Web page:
When DeCosta was asked at his season-ending press conference about Antonio Brown's desire to play with the Ravens, the GM said he was comfortable with where the team is with its wide receivers and doesn't expect to make any significant additions.
That hasn't stopped pundits from talking about the possibility of Brown signing with the Ravens. Photos on social media of the seven-time Pro Bowl wide receiver and Jackson hanging out at the Super Bowl has reignited the discussion.
ESPN’s Mike Tannenbaum and Kimberley Martin touched on the topic on "Get Up."
"I would consider Antonio Brown," Tannenbaum said. "[Rashod] Bateman's OK, he's not great. Bringing Sammy Watkins back would help, but clearly they don't have a bona fide, front line, No. 1 wide receiver."
That's a questionable take. After missing the first five games of the season with a groin injury, Bateman was a chain-mover and showed flashes of why the Ravens drafted him in the first round. Let's see what a healthy Bateman can do in Year 2 before dismissing him as just "OK."
And are we really doing the whole No. 1 wide receiver thing again? Let's not overlook that Marquise "Hollywood" Brown is coming off a 1,000-yard season and Mark Andrews was the best pass-catching tight end in the league this past season.
But I digress.
Martin said the Ravens have impact players, but they could use more.
When she was asked if Brown was the answer, Martin said: "It appears Lamar might want that to be the answer to the question, but this is a Ravens organization that had the opportunity to go after Antonio Brown, and conversations I had previously, did not seem they were interested in Antonio.
"But the more these two hang out, and the more we talk about how this team could use some more weapons, that AB question isn't going to disappear."
Brown, who turns 34 in July, is still performing at a high level. In a combined 15 games with the Tampa Bay Buccaneers the past two seasons, Brown had 87 catches for 1,028 yards and eight touchdowns.
Of course, any discussion about Brown has to include his history of off-the-field issues and the fact that he has worn out his welcome with four organizations.
Ravens' Rookie Class Receives a 'B' Grade
NFL.com’s Nick Shook gave the Ravens' 2021 rookie class a "B" grade, but he also is among those who believe the team needs more weapons at wide receiver.
"After a hype-filled preseason, Bateman's debut was delayed by injury. While he finished with a decent rookie campaign, he also averaged less than 50 yards per game, leaving Ravens fans still hungry for a game-changing receiver," Shook wrote.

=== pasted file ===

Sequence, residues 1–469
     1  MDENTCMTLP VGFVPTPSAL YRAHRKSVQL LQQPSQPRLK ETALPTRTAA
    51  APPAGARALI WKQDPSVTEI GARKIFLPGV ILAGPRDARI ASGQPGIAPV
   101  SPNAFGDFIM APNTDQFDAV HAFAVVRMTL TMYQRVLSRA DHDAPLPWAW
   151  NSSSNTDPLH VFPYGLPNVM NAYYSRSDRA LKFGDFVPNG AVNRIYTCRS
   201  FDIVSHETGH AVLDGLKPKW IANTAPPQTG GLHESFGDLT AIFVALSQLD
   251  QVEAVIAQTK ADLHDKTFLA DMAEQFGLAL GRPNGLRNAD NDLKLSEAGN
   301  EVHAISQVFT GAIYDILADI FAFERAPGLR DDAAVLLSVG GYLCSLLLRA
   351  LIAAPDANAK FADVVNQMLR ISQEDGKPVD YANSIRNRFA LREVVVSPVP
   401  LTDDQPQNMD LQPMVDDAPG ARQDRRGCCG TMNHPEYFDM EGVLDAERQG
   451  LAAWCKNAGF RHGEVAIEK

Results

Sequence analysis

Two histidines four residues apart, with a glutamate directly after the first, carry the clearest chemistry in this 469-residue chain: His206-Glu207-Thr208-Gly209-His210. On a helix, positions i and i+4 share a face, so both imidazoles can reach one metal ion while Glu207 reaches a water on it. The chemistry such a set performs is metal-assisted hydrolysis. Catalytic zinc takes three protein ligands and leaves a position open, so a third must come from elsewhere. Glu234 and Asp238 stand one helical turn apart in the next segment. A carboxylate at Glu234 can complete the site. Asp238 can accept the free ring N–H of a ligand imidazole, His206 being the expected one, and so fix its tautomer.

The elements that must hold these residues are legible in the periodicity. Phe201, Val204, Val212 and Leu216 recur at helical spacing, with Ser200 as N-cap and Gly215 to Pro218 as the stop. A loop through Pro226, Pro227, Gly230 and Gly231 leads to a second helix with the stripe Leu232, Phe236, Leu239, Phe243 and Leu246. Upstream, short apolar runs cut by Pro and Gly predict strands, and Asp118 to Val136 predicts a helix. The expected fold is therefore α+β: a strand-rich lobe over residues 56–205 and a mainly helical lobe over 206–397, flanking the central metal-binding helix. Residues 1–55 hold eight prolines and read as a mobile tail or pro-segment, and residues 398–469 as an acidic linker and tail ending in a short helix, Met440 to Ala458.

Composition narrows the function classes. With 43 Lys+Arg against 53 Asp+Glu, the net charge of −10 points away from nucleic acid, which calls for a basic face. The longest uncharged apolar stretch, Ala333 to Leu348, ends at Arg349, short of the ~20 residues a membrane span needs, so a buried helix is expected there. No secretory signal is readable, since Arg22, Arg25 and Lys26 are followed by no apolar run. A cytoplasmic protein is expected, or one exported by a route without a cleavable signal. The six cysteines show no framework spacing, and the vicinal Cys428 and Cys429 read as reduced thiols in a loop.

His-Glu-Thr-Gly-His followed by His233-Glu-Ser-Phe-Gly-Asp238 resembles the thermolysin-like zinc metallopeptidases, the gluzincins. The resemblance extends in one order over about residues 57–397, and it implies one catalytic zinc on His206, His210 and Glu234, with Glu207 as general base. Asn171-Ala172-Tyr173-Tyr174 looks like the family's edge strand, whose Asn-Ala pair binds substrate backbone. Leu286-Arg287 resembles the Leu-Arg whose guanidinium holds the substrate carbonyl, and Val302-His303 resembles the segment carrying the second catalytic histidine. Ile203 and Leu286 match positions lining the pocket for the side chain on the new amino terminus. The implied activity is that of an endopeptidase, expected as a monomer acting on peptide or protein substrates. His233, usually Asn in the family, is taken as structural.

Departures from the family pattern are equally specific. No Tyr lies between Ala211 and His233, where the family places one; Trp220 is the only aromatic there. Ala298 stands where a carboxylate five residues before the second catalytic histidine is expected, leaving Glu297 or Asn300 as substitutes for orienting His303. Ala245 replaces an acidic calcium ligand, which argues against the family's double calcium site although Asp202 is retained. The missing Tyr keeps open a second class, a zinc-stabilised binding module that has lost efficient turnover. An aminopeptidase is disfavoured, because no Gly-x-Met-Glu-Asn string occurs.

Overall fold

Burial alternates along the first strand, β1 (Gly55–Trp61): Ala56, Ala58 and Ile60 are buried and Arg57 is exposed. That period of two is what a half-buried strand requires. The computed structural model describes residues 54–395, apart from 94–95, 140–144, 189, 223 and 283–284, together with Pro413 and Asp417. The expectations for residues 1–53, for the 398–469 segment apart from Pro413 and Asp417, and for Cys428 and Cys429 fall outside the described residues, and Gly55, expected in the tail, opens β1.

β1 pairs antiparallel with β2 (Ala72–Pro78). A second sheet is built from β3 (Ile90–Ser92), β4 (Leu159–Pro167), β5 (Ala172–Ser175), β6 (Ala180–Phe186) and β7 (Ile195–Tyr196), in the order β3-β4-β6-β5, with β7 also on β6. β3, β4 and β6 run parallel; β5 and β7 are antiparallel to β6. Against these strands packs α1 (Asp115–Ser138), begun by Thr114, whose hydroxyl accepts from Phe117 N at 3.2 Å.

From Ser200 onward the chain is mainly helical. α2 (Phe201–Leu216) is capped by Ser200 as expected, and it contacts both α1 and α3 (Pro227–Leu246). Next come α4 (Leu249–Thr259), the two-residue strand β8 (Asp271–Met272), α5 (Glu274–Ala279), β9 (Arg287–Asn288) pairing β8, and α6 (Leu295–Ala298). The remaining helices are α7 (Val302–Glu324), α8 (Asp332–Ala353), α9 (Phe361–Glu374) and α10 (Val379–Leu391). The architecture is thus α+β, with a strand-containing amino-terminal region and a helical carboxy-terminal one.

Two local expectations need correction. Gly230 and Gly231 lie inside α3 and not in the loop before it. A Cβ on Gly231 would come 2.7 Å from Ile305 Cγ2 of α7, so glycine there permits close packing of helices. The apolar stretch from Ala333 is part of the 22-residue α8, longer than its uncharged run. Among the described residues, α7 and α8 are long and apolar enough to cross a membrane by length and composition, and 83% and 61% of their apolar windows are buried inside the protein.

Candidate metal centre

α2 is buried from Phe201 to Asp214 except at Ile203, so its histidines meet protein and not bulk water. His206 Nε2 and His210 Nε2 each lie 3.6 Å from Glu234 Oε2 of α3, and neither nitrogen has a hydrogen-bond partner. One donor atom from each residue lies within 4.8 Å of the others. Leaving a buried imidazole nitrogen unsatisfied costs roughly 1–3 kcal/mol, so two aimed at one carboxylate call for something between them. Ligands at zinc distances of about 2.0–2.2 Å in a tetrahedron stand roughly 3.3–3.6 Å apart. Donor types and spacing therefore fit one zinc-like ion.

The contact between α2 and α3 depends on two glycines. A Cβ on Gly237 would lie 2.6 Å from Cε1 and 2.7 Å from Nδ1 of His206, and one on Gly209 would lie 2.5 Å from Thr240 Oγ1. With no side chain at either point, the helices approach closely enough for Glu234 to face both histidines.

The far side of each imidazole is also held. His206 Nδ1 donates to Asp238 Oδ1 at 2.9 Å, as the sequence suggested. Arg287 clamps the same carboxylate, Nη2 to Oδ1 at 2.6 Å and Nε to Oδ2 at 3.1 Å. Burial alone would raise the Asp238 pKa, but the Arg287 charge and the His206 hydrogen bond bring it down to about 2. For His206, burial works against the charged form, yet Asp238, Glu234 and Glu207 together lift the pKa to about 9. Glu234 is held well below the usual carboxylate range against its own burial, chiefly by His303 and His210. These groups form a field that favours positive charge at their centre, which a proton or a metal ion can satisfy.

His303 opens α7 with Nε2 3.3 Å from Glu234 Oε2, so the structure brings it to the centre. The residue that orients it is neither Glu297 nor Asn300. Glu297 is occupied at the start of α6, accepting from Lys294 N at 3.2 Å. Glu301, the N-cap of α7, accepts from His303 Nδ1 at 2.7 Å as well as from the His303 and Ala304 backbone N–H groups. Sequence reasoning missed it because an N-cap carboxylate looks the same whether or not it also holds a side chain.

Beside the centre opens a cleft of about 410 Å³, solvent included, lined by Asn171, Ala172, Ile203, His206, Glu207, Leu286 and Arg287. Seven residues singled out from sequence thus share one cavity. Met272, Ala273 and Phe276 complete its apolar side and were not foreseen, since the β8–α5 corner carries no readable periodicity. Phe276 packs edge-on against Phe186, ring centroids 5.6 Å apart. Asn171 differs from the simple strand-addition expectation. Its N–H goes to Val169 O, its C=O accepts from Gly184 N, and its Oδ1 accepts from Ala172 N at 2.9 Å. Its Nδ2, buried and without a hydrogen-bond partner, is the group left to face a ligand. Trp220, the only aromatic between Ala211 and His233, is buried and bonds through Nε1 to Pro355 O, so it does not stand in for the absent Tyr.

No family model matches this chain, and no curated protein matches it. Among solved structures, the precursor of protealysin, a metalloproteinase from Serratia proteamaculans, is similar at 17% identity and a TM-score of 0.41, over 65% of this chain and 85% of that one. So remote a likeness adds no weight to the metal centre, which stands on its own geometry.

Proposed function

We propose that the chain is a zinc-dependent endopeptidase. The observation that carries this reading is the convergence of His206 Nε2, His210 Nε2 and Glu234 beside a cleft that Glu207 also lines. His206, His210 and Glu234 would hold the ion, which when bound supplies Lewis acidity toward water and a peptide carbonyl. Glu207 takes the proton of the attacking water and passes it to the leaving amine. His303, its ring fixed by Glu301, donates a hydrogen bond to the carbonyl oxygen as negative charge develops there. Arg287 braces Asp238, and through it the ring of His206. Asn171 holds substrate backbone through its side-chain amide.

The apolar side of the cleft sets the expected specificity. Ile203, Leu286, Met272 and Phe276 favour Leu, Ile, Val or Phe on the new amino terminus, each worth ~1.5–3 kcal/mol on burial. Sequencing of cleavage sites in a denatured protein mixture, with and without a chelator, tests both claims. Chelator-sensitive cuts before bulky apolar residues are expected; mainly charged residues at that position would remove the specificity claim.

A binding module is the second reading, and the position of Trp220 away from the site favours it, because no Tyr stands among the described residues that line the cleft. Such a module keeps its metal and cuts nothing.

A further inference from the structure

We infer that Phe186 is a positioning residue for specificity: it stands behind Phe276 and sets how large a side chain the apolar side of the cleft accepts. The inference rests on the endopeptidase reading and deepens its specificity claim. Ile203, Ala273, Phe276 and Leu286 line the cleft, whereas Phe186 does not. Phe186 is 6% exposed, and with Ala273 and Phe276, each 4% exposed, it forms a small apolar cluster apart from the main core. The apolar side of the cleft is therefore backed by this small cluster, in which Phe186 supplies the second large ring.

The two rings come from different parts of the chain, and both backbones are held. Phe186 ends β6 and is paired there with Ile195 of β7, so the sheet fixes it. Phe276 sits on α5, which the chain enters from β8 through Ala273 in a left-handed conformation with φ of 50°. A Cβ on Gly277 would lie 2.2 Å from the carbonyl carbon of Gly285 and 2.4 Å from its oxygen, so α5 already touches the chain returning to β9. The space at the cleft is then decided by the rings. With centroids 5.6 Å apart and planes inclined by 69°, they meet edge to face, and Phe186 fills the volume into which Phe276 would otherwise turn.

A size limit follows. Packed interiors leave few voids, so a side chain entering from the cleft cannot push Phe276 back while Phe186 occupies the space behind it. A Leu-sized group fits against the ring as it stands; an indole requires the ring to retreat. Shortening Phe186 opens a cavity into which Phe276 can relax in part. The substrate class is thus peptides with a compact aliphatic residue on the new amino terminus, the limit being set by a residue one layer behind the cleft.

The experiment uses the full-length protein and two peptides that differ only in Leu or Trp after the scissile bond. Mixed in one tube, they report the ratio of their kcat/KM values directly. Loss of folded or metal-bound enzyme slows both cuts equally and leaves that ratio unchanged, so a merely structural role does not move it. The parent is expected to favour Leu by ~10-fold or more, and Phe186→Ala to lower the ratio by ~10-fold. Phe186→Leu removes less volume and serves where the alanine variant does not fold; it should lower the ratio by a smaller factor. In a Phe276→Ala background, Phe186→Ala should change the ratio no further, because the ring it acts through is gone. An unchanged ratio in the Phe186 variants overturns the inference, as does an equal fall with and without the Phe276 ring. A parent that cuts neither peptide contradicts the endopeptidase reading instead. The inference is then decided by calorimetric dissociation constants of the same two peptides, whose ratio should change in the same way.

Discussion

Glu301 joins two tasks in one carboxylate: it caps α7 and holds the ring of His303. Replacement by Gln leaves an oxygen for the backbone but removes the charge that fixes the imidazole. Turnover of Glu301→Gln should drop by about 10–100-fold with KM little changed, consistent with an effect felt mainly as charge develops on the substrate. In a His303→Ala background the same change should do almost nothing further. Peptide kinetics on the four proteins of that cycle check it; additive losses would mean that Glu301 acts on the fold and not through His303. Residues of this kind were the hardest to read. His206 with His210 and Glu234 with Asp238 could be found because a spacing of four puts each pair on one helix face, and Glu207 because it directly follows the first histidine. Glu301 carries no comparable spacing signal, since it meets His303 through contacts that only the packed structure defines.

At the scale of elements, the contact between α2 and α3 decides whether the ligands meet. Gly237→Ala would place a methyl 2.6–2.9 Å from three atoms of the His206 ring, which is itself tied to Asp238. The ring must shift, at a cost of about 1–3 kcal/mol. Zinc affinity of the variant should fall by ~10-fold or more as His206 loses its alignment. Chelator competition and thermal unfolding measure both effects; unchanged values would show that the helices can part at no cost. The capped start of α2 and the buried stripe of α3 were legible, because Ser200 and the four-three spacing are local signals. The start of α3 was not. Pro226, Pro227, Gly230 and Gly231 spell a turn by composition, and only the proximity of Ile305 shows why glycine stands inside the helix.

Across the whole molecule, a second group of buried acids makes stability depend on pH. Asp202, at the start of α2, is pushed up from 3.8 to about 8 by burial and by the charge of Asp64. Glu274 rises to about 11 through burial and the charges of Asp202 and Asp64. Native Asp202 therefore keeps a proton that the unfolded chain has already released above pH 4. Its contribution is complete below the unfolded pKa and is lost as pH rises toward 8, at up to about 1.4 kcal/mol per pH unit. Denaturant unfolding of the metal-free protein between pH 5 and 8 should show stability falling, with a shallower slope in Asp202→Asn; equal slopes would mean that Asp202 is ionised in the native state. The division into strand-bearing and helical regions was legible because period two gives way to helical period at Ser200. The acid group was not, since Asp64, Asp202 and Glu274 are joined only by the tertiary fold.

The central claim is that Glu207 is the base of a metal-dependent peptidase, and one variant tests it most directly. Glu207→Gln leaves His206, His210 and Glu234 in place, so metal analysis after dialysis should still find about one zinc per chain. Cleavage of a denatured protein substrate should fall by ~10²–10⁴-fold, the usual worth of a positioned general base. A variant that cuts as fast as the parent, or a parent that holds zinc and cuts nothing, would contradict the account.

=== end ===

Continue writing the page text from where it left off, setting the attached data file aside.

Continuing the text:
Shook was complimentary of the Ravens' other first-round pick, outside linebacker Odafe Oweh.
"Oweh stormed out of the gate with three sacks and two forced fumbles in his first five games, and though he cooled off down the stretch, he scored a spot on the PFWA All-Rookie Team," Shook wrote.
Shook noted that offensive guard Ben Cleveland, a third-round pick, "worked his way into the lineup late in the season, largely performing at an average level before finishing with a solid game in Week 18."
Regarding defensive back Brandon Stephens, Baltimore's other third-round pick, Shook wrote: "A former college running back and cornerback, Stephens switched to safety in the pros, then stepped into a starting role following multiple significant injuries in Baltimore's secondary. He played solid football and has room to grow."
Lamar Jackson Drops to No. 14 in NFL.com's QB Rankings
NFL.com’s Gregg Rosenthal ranked all 62 quarterbacks who started a game this past season.
After an injury-hampered season, Jackson dropped to No. 14. He was No. 1 in 2019 and No. 7 in 2020.
"Lamar looked like an MVP candidate through five weeks, then hit the roughest stretch of his career, including four missed games," Rosenthal wrote.
Tyler Huntley came in at No. 26, finishing ahead of quarterbacks such as the Pittsburgh Steelers' Ben Roethlisberger, Chicago Bears' first-round pick Justin Fields, No. 1 overall pick Trevor Lawrence of the Jacksonville Jaguars, and the New Orleans Saints' Taysom Hill.
"Huntley's sour finish in close losses to the Rams and Steelers shouldn't distract from his strong body of work in four starts and two relief outings as a second-year player," Rosenthal wrote. "He's already one of the best backups in football and may develop into a mid-tier starter elsewhere, like Tyrod Taylor once did when he left Baltimore."
Veteran Josh Johnson, who made one start for the Ravens and played in three games with the New York Jets, was No. 35.
"He played clean, aggressive football in his start for the Ravens and finished 13th(!) out of 54 quarterbacks in PFF's grading among quarterbacks with 50 dropbacks," Rosenthal wrote. "How does a quarterback this talented and heady struggle to find even backup roles for a decade and a half? Johnson deserves better."
- The Ravens are No. 16 in CBS Sports’ Pete Prisco’s post-Super Bowl power rankings.